Thanks to a Christmas bookstore giftcard and my desire to find entertainment for my long-haul flight to Thailand, I came across a book written by a fellow Canadian about hitchhiking in Asia. The author describes hitching a ride with a man who is on his way to work. In order to arrive at the office on time, the man explains that he cannot take the author all the way to his destination, but agrees instead to drive him to a nearby city where he will be able to find another ride. However, once they set off, the man continues to drive the author towards his destination, beyond the city that they had agreed upon, even though he knows that he is making himself increasingly late for work by doing so. The author describes:
“It takes great effort to set an object in motion, yet once you do, the motion becomes easier and easier to maintain…Travelling is a matter of maintaining momentum. Resisting gravity…falling never landing…He was caught in it, the centrifugal force of the traveller”.
Despite the excitement of visiting Canada, and my joy at reuniting with friends and family, I felt a vague sense of unease, which continued even as we began our journey back to Thailand. I feared that after 15 months of traveling from one new place to another, going home, and then going back to a place we had already visited, would somehow cause our traveling to lose momentum. I was afraid that backtracking meant that we were resisting the invisible current that had moved us forward up until this point.
When we began our trip in 2011, I had wanted to travel for as long as I could remember, yet it still took a great deal of resolve and determination to actually start doing it. The first trip was the hardest, as we overcame the force of gravity that held us in Canada. But, once we broke through the inertia, it became easy. The more we traveled, the more natural and effortless it became to just keep doing it. On some level, I feared that if we ever stopped, we would become stuck in one place, and it would be difficult to find the push to start again.
I found myself fiercely wishing that we were going somewhere new instead of back to Thailand. We had been caught up in the traveling momentum and now we were working against it. We were fighting against the metaphorical flow of the river when, instead, I wanted to let it carry us to the next adventure.
I was feeling less than enthused as we boarded our New Year’s Eve flight to China, from where we would catch a connecting flight to Thailand. I remembered the toe-tingling excitement I felt upon arriving in Bangkok for the first time. I desperately wanted to feel that way again about Thailand. We picked up a cheap bottle of champagne in the duty-free shop, determined that being airborne was not going to stop us from kicking off 2013 with a little celebration.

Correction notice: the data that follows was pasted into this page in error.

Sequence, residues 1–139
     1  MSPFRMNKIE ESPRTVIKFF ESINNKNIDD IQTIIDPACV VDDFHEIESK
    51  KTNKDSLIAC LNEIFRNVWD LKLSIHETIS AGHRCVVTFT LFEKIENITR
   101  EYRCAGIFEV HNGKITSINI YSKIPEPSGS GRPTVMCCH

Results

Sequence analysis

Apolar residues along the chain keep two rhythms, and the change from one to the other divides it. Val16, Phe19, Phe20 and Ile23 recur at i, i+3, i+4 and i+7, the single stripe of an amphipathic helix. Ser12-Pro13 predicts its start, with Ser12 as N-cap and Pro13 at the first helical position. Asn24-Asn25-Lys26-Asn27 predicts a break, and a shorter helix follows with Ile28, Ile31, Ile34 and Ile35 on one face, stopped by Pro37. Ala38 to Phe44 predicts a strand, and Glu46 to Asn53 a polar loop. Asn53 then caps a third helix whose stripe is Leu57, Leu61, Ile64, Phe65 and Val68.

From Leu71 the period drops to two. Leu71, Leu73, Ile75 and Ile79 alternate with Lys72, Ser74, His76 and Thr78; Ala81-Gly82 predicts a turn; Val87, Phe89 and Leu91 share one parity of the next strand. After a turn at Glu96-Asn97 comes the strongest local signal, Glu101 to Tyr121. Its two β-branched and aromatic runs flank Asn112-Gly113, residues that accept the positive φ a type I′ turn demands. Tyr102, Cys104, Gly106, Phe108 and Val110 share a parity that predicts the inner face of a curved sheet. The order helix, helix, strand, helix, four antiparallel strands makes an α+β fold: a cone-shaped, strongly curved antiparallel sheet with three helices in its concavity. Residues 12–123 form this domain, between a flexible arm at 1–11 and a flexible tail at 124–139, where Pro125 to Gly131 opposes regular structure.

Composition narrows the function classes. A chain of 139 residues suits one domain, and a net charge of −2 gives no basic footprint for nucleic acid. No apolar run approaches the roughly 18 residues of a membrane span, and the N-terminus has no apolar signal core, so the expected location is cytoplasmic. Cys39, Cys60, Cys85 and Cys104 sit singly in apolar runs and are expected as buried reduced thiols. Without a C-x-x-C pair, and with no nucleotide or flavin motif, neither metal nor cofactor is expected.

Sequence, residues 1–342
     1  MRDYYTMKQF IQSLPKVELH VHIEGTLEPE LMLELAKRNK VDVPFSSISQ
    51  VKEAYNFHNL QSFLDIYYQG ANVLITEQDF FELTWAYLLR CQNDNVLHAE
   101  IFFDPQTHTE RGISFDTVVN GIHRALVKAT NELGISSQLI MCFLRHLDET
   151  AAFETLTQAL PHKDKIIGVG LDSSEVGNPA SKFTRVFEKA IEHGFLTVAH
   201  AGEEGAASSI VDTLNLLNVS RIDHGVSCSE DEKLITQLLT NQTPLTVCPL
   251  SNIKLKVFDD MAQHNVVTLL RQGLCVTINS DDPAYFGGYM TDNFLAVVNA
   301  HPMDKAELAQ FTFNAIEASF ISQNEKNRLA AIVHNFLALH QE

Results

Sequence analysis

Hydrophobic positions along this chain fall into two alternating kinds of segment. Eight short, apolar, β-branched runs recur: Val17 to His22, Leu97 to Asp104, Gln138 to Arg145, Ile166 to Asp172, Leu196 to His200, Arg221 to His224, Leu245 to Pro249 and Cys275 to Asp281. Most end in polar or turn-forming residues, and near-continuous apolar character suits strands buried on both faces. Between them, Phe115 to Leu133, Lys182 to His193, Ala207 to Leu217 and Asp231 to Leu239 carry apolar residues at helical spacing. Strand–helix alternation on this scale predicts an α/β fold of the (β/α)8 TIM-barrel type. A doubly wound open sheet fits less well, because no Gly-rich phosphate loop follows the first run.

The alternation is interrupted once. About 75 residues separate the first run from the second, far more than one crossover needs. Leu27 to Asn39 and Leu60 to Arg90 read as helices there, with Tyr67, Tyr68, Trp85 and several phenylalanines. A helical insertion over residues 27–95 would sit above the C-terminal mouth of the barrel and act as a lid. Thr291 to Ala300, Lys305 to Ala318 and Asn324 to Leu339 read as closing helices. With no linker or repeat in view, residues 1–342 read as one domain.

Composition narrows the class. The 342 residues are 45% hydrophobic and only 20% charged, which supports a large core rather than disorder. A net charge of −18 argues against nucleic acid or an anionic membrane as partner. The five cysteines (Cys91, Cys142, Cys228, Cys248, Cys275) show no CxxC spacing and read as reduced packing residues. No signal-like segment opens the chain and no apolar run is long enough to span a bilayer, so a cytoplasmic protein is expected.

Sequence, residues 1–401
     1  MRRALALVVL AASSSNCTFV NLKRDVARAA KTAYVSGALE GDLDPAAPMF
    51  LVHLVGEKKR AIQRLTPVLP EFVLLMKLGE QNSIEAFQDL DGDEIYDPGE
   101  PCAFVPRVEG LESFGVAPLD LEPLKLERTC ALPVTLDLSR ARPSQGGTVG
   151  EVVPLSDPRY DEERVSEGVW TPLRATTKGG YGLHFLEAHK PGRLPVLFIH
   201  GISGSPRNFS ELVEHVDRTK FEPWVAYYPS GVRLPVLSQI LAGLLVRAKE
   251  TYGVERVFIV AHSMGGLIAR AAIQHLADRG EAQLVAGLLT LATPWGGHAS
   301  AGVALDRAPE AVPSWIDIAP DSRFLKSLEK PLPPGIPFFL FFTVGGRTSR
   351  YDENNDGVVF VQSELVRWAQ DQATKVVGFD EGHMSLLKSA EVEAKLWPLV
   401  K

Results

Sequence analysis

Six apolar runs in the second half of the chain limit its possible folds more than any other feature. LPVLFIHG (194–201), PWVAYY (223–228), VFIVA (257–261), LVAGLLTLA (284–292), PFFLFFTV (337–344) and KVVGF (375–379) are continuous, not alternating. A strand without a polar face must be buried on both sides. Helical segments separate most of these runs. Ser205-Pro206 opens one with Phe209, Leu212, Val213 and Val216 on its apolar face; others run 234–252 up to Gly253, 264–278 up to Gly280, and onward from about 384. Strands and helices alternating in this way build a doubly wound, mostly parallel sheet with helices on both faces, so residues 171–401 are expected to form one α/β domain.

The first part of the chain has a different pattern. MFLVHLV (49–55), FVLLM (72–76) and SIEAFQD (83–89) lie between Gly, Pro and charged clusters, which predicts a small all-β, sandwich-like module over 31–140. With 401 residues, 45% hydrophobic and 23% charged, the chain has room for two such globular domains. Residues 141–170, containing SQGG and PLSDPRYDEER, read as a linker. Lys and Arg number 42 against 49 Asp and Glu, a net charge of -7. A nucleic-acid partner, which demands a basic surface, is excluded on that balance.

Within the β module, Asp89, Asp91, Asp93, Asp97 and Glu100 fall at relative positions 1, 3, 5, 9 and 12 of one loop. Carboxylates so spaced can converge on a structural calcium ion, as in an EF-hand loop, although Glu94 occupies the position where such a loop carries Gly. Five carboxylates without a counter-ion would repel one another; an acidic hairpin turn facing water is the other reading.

Midnight in Thailand had long passed, so we waited until we knew that the New Year was being rung in back home in Toronto. Then, we carried our $14 bottle of champagne, loosely wrapped in a red “duty-free” bag, to a small alcove at the back of the plane where passengers could help themselves to water and juice. There were a few other passengers milling around the area, stretching cramped legs, and rubbing tired eyes. Brent unveiled our bottle to a flight attendant, who apathetically waved permission for us to open it. After some half-joking about allowing the cork to fly down one of the aisles, we opted to avoid the risk of injuring other passengers, and popped the champagne open over a plastic garbage bin.
Warm bubbles overflowed into plastic cups, which we passed to everyone around us, and together with strangers, we toasted the New Year. There was a New Jerseyan heading to Vietnam, a man from India returning home, a Chinese man who didn’t speak English, and a Moroccan en route to Hong Kong. It was the kind of eclectic, multi-cultural crowd you would expect to find on a New Year’s Eve flight to Shanghai. When the champagne was finished, one of our new friends took it upen himself to continue the impromptu celebration by getting into the airline’s supply of wine. Instead of chastising us for taking more than the 1 glass of alcohol allotted to each passenger, the flight attendant who discovered our empty bottle simply asked “One more? Happy New Year!” Our flight with China Eastern had been underwhelming until this point, but the boundless supply of wine they offered us gained the airline a few points in my mind.
As the plane moved us forward towards Asia, and into the New Year, I began to realize that we weren’t losing momentum at all. We were traveling back to a place we had been, yes; but we were still traveling, still discovering and learning. And if that wasn’t enough, our post-Thailand travel plans are already in motion too. Perhaps we are not always moving linearly forward; we may even circle around before moving outward again, but regardless, we are still caught in the traveling momentum. And that’s exactly where I want to be.
Do you feel caught in the momentum of travel? What drives you to keep traveling?